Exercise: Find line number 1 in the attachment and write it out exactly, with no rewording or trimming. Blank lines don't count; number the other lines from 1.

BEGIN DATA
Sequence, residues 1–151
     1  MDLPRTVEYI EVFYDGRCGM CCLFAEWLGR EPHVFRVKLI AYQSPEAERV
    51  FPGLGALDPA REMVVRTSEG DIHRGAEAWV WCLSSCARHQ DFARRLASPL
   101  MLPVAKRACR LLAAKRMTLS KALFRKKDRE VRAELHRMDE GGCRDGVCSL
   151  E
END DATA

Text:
Sequence, residues 1–151